Could having my muscles stretched have health benefits?
This article is directly taken from the BBC series ‘Trust me i’m a doctor’ and is for information only.
Could allowing yourself to be gently stretched by someone else, without making any effort of your own, give you some of the more important benefits of exercise?
It sounds unlikely, but early research in diabetics and those at risk of diabetes seems to suggest that being stretched by someone else might actually improve your health.
Trust Me, I’m a Doctor teamed up with Dr Ian Lahart at the University of Wolverhampton to put so-called ‘passive stretching’ to the test.
We recruited 10 volunteers willing to give passive stretching a go. We asked them to come in twice, and on each day they came in having not eaten overnight, and drank a sugary drink whilst we monitored their blood sugar levels.
20 minutes after drinking the drink, they either sat still (‘baseline’, day 1) or they were gently stretched for approximately 20 minutes (‘passive stretching’, day 2).
During the stretching, they were carefully stretched 10 times, lasting 30 seconds for each stretch (6 lower body and 4 upper body stretches). Each 30 second stretch was repeated twice with 10-15 seconds in between each repetition and 15 seconds between each stretch.
Ian and his colleagues measured the participants’ blood sugar levels three times: once straight before the sitting or stretching (t= 0 min), once straight after the 20 minutes of sitting or stretching (t=20 min) and then, finally, 20 minutes after that (t=40 min).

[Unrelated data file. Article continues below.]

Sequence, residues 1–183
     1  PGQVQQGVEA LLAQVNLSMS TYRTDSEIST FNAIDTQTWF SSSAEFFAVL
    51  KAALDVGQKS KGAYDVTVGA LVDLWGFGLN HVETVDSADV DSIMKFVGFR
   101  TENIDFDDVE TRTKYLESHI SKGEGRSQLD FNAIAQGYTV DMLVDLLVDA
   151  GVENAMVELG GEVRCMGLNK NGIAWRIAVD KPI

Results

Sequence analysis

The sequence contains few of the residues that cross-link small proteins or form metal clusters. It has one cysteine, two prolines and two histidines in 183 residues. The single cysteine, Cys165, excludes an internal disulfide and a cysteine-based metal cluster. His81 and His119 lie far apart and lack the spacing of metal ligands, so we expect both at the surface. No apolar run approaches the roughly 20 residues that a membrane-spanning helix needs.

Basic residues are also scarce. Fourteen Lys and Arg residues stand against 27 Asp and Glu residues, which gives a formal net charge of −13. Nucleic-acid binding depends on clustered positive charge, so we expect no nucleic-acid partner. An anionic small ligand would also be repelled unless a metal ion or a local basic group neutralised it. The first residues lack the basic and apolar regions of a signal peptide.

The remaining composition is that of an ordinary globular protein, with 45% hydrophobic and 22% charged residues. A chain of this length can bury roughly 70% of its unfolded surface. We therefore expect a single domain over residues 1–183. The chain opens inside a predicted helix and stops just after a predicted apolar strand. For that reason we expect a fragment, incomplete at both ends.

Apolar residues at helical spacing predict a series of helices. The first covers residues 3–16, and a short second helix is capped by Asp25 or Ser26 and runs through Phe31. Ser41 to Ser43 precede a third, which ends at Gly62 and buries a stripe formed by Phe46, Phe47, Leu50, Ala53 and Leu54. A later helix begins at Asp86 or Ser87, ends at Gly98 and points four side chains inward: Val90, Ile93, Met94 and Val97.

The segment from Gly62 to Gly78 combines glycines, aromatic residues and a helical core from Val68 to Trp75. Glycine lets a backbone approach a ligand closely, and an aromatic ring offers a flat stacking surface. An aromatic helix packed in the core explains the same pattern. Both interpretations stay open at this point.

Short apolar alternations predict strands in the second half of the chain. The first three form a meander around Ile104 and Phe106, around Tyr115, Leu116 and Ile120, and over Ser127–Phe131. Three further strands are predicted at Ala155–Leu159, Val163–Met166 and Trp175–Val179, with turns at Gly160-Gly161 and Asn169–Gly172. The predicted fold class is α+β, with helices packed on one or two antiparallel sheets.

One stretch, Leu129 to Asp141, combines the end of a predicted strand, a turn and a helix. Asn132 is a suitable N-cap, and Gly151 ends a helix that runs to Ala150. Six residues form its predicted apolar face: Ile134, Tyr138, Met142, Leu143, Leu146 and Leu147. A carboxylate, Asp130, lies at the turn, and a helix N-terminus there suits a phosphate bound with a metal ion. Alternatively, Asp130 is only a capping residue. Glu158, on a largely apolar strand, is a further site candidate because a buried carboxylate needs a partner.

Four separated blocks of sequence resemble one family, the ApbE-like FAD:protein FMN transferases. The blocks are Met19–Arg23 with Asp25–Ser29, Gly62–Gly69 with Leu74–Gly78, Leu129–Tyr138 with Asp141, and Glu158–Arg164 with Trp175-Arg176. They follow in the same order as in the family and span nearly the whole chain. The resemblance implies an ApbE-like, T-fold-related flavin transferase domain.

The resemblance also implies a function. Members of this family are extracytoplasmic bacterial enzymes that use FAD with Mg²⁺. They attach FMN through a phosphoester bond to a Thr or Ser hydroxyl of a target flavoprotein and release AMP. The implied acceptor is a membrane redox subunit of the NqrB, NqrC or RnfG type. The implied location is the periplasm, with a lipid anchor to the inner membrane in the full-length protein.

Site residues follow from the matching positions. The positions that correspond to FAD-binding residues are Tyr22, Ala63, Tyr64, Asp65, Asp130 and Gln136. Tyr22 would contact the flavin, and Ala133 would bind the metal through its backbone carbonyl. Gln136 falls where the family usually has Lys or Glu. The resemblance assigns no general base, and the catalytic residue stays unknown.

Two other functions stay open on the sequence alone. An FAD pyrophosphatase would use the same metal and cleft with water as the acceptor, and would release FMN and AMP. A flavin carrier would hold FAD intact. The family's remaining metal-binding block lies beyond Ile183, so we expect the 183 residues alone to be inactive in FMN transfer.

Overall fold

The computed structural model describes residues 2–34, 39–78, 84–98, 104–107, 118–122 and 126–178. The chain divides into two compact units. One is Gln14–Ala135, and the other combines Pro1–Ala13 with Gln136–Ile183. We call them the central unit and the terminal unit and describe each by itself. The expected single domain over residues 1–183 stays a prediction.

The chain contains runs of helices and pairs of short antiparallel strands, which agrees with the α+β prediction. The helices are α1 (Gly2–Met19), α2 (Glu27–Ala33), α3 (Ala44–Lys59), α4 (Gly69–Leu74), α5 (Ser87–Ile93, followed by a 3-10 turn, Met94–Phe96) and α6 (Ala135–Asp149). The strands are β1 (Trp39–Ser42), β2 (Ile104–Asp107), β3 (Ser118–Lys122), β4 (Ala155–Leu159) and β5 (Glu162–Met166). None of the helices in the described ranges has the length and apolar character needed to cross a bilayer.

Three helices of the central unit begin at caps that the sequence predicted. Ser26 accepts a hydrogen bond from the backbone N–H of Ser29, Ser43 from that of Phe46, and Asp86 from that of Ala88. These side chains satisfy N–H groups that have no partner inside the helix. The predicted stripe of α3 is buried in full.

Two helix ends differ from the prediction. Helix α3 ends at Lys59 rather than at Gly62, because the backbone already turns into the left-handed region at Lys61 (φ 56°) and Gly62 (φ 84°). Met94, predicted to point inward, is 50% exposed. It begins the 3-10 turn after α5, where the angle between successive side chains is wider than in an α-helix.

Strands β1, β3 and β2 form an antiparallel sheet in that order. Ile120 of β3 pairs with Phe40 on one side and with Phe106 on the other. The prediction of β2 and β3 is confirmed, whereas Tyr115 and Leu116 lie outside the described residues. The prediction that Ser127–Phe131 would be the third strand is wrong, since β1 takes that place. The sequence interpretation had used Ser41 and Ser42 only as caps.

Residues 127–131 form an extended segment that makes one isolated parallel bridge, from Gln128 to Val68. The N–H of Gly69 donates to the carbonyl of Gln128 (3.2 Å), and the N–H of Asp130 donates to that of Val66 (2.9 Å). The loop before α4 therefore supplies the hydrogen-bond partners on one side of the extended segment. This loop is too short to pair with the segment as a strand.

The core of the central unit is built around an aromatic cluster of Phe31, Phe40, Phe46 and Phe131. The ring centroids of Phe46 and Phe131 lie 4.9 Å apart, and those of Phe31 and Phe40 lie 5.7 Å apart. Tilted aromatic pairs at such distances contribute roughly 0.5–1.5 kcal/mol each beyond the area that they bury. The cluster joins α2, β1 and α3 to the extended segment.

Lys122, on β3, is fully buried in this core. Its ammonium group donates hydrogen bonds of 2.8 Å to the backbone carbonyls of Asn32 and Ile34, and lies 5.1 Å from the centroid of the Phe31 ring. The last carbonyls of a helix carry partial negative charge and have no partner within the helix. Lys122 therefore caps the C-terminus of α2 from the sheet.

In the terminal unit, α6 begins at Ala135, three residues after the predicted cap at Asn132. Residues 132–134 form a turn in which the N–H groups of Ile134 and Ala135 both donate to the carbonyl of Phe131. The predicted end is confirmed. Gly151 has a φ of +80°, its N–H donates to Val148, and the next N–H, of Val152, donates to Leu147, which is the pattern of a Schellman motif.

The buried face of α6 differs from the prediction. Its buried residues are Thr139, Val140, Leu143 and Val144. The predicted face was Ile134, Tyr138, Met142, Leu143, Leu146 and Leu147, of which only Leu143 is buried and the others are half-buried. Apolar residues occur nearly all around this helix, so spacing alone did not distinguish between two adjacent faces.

Ian also measured the volunteers’ energy expenditure in calories straight after the stretch, along with their heart rate.
Blood sugar level results from stretching
When our volunteers weren’t being stretched, a sugary drink raised their blood sugar levels as you’d expect. But when their muscles were gently stretched after having the same drink, their blood sugar levels actually FELL and by 16% (making them 23% lower than the peak their blood sugar reached when they just sat still). It was a very surprising result.
Heart rate results from stretching
Our volunteers’ heart rates were on average 17% higher with stretching compared to when they just sat still, going from an average of 67 beats per minute to an average of 78 beats per minute. This increase is in line with what you would expect during low (mild) intensity aerobic exercise, as the effort required was similar to taking a stroll. The heart rate reflects the effort expended.
Energy expenditure results from stretching
Our volunteers burned 126% more calories per hour as they were being stretched compared to when they were just sitting still. That’s nearly 100 (98.3) calories extra per hour without doing any exercise themselves!
Now what if you were to stretch yourself rather than being passively stretched? Ian would expect to see a bigger effect, because you’re manoeuvring yourself into those stretching positions and you’re applying more tension in the muscles.
So, people who are disabled, very elderly or unable to do much physical exercise could really benefit from some careful stretching of their muscles by a suitably qualified person. And if you are able to stretch yourself – maybe try it whilst you’re watching TV to help burn those calories and bring your blood sugar levels down.